What’s even more stunning is what happens if Trump’s use of “socialism” as a “red scare” catchphrase works. What it does is that it then casts a light on a Democratic party that, insofar as nominees for 2020, could have upwards of 15 different options, 75% of whom will be representing a non-Caucasian community. These individuals as much represent the greatest diversity of gender and thought in the party’s leadership in history, as possibly a too-wide swath of liberal-to-progressive thought for an America in the wake of Trumpism, economic strife, social concern, and general malaise to want to consider. In the face of liberal minorities ranting about their truths, it’s simpler for conservatives to hold up a plasticine white business mogul who’s accused more times of lying than there are milliseconds in the day to protect themselves from the onslaught. 98% of America’s Presidents have been, relative to those running in 2020, conservative white men. In a time defined by white people giddily celebrating other white people as idols of American excellence, there’s a comfort in the expectation of say, re-electing the conservative white man.

By February 6, wearied of news elsewhere, I finally turned my attention to my place of residence, Washington, DC’s neighbor to the south, the Commonwealth of Virginia. Now Virginia is as much a place for lovers as it’s somewhere where black people protesting for their rights are run over by cars and where the Democratic Governor once felt being photographed in blackface was entirely appropriate.

As noted via CNN, Virginia’s governor, Ralph Northam “confirmed Friday he was in a racist yearbook photo showing one person dressed in blackface and another in the KKK’s signature white hood and robes, and apologized for ‘the decision I made to appear as I did in this photo and for the hurt that decision caused then and now.’ The photograph, which was obtained by CNN, appears in the 1984 yearbook for Eastern Virginia Medical School. Northam did not say whether he was wearing the KKK outfit or blackface.”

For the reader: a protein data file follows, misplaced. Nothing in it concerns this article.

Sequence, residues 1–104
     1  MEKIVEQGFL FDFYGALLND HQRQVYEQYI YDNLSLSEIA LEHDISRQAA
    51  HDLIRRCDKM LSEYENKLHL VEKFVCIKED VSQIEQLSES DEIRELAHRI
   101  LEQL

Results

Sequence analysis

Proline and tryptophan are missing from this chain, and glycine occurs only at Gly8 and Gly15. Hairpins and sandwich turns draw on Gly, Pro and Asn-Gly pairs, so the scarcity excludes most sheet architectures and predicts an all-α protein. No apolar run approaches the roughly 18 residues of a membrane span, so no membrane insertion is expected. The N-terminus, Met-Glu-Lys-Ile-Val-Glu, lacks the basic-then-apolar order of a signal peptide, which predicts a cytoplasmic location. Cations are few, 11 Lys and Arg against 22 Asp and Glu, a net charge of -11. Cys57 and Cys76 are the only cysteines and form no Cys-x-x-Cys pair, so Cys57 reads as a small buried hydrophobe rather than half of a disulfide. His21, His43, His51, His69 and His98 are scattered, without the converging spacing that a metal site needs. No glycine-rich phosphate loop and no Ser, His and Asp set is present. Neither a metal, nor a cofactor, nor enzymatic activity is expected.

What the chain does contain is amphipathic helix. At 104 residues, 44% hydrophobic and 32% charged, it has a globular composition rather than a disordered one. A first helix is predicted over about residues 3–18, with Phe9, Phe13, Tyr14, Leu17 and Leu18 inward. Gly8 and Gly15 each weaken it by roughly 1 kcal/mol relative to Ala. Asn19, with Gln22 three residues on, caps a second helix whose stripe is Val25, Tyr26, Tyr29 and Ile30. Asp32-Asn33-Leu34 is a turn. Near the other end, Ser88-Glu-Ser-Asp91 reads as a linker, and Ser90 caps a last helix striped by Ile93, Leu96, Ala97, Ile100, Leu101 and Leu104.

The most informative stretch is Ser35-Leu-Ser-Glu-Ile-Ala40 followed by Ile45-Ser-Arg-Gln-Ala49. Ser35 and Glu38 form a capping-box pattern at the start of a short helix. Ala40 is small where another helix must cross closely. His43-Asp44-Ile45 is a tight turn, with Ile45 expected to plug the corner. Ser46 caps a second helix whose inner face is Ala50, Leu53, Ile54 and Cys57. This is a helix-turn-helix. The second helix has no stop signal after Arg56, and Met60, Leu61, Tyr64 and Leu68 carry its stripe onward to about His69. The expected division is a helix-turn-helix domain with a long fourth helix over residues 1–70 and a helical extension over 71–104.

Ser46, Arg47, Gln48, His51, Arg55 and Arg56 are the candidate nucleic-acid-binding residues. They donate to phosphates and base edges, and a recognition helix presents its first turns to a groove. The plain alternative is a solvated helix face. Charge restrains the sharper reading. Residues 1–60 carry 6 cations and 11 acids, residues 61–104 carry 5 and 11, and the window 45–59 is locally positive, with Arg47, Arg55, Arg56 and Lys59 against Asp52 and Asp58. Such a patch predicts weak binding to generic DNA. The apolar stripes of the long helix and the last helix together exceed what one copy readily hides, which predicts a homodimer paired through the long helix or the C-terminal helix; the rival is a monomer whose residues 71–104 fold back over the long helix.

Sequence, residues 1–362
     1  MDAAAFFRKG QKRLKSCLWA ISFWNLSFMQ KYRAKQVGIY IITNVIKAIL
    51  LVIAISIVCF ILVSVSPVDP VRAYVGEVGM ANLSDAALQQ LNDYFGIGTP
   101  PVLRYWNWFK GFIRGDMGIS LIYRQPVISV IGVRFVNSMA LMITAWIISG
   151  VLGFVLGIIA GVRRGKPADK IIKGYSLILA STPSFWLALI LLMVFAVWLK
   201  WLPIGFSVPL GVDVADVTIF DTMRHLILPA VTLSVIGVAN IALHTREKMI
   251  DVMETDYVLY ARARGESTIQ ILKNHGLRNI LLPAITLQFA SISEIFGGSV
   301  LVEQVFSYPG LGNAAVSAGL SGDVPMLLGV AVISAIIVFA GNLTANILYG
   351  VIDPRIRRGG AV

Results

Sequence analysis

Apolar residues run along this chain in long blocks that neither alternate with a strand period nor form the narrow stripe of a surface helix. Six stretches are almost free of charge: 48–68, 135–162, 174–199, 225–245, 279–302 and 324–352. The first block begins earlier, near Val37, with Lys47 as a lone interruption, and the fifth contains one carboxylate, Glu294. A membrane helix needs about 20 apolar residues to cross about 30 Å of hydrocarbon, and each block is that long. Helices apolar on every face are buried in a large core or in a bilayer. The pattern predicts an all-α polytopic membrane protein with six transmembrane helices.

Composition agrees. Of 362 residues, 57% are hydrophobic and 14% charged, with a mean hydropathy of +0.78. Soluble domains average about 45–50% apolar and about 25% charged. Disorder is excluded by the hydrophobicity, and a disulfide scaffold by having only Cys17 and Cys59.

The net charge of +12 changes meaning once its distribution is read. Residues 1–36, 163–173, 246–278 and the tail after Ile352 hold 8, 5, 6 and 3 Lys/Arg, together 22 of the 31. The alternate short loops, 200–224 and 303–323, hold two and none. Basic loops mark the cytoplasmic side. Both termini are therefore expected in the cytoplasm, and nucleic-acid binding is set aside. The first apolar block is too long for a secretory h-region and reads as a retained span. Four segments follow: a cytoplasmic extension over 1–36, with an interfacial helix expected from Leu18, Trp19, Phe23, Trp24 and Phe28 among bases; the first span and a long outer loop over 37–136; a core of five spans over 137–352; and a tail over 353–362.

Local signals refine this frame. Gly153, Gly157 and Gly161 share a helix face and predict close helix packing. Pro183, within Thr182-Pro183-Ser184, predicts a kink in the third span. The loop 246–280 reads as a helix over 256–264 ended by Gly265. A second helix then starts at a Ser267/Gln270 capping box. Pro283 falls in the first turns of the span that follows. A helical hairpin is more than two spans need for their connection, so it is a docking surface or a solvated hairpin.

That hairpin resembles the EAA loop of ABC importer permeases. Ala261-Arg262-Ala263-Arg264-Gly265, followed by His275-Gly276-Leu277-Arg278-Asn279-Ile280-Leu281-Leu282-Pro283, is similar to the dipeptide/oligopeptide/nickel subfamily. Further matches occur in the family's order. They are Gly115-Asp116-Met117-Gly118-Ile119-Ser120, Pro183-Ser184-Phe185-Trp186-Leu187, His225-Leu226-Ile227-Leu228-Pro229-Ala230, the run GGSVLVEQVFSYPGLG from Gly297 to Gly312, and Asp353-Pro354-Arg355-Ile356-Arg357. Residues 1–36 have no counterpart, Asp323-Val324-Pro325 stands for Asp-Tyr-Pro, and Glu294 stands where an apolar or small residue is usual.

What’s doubly worse is what’s seen in two separate polls regarding the occurrence. One recent Washington Post poll notes that while 70% Virginians polled said they disapprove of how Northam responded to the photo’s discovery, 47% of them want him removed from office. As well, though it was largely conducted prior to Northam’s reveal, a recent Pew Research poll notes that 34% of Americans feel blackface is “always or sometimes acceptable.” There’s always to sometimes never a time where wearing blackface is not directly linked to someone demeaning the humanity of, or impeding upon the civil rights of a person of color. The idea that people would support someone as a chief legislator who, at any time, generally found racial bias to be permissible — at a time wherein awareness of racial bias in and of itself is an easy-to-demean and civil rights voiding offense is astounding. Ralph Northam, human sambo doll, governor of an economically significant American state. And people are here for it.

Flummoxed and gobsmacked, I looked forward to Sunday, February 10's GRAMMY Awards as a moment wherein maybe my hyper-triggered week regarding a resurgence of idolization of an irrelevant ideal of Judeo-Christian, conservative, and very much classic American excellence — as seen foremost through a Caucasian lens — would calm. This was sadly not to be the case. Music would not soothe the savage beast growing inside my heart and mind.

Two minutes into the awards ceremony, Lady Gaga, Jada Pinkett-Smith, Alicia Keys, Jennifer Lopez, and former first lady Michelle Obama appeared onstage. One year prior, Recording Academy President Neil Portnow condescendingly told women in the music industry that they — though appearing to be growing in presence and renown in the industry — needed to “step up” and be seen in order to be nominated for more awards. When Michelle Obama noted, “whether we like country, rap or rock. Music helps us share ourselves. Our dignity our and sorrows, our hopes and joys. It allows us to hear one another, to invite each other in. Music shows us that all of it matters every story with every voice every note with every song. Is that right ladies?,” I sat in bed stunned. It was, maybe too on the nose.